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North Carolina attorney general says DeJoy allegations merit investigation

North Carolina attorney general says DeJoy allegations merit investigation
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North Carolina Attorney General Josh Stein (D) said Tuesday that an investigation is warranted in response to allegations that Postmaster General Louis DeJoyLouis DeJoyPostal service reversing changes that slowed mail delivery The Hill's Morning Report - Sponsored by Facebook - Trump, Biden set for dueling town halls amid battleground blitz High-speed mail sorting machine reassembled in Maine MORE used his former company's funds to reimburse employees for political donations made to Republican candidates. 

"The idea that somebody would make a contribution and then be reimbursed by corporation or individual that’s a straw donor, that would be a violation of the law," Stein said while speaking on MSNBC. "And clearly, any credible allegations along those lines need to be investigated to determine whether the law was violated."

"Any allegations that’s this serious merits investigation," he added. 

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The comments from Stein came amid the fallout from a Washington Post report published Sunday detailing an alleged campaign finance scheme orchestrated by DeJoy while he served as the head of New Breed Logistics in North Carolina. Five former employees told the newspaper they were urged to make political contributions to Republican candidates and that DeJoy later reimbursed them using company funds. The reimbursements were offered through bonuses, according to the former employees. 

Such an arrangement would amount to a violation of federal and North Carolina state campaign finance laws. Federal law has a five-year statute of limitations, however no such limitations exist under state authority. 

Democrats quickly pushed for an investigation into the report. Just hours after the allegations were published, Senate Minority Leader Charles Schumer (D-N.Y.) said Stein was the right person to lead such a probe.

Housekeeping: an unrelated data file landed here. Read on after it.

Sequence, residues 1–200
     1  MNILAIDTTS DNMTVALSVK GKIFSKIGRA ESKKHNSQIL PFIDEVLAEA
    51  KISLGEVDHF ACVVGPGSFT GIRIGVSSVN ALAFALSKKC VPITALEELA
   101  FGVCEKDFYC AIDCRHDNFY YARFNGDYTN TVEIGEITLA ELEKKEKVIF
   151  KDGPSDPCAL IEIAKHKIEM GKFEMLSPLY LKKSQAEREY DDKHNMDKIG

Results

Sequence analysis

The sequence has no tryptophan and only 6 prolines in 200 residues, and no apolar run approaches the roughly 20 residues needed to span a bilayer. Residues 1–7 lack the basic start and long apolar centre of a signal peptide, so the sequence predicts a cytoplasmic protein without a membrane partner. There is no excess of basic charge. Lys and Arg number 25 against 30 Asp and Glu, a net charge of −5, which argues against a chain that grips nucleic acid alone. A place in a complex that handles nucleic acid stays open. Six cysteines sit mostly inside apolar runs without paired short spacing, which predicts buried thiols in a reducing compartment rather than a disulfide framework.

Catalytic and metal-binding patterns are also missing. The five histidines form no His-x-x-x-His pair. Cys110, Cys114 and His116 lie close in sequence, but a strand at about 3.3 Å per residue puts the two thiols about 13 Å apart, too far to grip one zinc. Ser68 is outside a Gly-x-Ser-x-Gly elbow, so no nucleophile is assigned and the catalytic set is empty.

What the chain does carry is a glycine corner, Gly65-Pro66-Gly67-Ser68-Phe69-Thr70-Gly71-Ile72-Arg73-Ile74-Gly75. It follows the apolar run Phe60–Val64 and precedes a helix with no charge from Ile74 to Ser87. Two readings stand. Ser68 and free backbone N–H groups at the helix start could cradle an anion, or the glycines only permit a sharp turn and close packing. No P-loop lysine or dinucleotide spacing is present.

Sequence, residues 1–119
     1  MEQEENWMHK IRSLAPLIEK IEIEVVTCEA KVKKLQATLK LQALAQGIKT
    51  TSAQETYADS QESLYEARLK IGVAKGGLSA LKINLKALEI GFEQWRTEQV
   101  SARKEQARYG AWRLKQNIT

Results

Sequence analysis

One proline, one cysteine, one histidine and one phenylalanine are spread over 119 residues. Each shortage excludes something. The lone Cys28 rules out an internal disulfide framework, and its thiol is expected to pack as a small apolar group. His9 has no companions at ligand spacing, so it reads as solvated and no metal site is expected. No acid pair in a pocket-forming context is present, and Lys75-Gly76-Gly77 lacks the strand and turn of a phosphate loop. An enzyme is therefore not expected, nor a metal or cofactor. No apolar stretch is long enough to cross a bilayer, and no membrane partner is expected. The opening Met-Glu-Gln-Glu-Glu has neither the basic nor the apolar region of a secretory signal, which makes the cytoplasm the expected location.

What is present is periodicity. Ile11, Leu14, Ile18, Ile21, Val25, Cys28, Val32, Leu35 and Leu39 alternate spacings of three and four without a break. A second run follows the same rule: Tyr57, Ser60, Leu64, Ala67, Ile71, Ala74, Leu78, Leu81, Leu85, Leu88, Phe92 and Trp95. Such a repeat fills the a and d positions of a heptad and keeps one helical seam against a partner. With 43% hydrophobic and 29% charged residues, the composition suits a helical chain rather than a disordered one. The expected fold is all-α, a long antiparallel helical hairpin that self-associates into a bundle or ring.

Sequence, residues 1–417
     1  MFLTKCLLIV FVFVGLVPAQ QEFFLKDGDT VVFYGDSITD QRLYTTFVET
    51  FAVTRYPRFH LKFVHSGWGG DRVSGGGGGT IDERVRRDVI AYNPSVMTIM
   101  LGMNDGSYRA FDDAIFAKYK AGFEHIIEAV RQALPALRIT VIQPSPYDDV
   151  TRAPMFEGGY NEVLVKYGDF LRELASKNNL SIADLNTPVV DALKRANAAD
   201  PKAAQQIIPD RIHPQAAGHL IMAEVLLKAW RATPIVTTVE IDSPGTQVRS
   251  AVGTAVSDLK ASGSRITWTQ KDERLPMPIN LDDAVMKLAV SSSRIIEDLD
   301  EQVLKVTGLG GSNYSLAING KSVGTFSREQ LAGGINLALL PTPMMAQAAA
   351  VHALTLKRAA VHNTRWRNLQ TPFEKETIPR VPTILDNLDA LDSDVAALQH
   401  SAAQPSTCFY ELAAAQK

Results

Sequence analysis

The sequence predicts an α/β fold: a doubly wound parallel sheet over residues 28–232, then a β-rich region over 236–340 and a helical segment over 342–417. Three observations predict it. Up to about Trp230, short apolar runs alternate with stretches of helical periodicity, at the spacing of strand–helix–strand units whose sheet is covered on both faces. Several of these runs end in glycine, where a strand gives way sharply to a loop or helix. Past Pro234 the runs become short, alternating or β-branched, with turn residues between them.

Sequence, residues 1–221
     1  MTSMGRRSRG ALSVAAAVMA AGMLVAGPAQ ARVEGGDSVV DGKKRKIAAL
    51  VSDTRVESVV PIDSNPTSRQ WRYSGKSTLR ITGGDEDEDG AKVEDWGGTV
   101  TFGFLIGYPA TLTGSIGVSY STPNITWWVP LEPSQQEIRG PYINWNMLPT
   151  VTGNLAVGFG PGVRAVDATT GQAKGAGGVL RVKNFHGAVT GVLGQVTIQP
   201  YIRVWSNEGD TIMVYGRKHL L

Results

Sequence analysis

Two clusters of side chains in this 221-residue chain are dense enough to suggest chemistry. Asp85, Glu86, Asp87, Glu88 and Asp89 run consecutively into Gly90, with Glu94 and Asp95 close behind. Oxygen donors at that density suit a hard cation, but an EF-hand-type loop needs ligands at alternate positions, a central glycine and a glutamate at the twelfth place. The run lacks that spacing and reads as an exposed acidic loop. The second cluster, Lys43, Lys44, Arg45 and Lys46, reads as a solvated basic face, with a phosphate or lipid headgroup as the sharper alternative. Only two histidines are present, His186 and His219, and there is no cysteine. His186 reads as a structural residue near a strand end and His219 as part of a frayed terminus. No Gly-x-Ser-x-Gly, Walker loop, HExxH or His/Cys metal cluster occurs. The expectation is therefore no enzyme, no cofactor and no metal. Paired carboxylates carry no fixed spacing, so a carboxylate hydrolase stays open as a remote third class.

House Oversight and Reform Committee Chairwoman Carolyn MaloneyCarolyn Bosher MaloneySafeguarding US elections by sanctioning Russian sovereign debt Fears grow of voter suppression in Texas OVERNIGHT DEFENSE: Top general negative for coronavirus, Pentagon chief to get tested after Trump result l Top House lawmakers launch investigation into Pentagon redirecting COVID-19 funds MORE (D-N.Y.) also on Monday announced the panel would launch a probe into the allegations. DeJoy could face “criminal exposure,” both for the payments and “for lying to our committee," if the allegations were true, Maloney said in a statement. 

Speaking on MSNBC Tuesday, Stein declined to offer details on any potential investigations into DeJoy. Stein said that as attorney general, he is counsel to the state board of elections, which is the agency that investigates campaign finance violations. 

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"I am the counsel to the state board, and sometimes I will assist local district attorneys in prosecuting cases, therefore I can’t get into the specifics of any particular case," he said. 

DeJoy is a Republican mega-donor who was appointed to lead the U.S. Postal Service in May. A spokesman for DeJoy told the Post on Sunday that he was not aware of any pressure placed on his former company's employees to make political donations. 

During congressional testimony last month, DeJoy also denied reimbursing employees for making contributions to President TrumpDonald John TrumpNearly 300 former national security officials sign Biden endorsement letter DC correspondent on the death of Michael Reinoehl: 'The folks I know in law enforcement are extremely angry about it' Late night hosts targeted Trump over Biden 97 percent of the time in September: study MORE's campaign. 

“Mr. DeJoy was never notified by the New Breed employees referenced by the Washington Post of any pressure they might have felt to make a political contribution, and he regrets if any employee felt uncomfortable for any reason,” the spokesman said.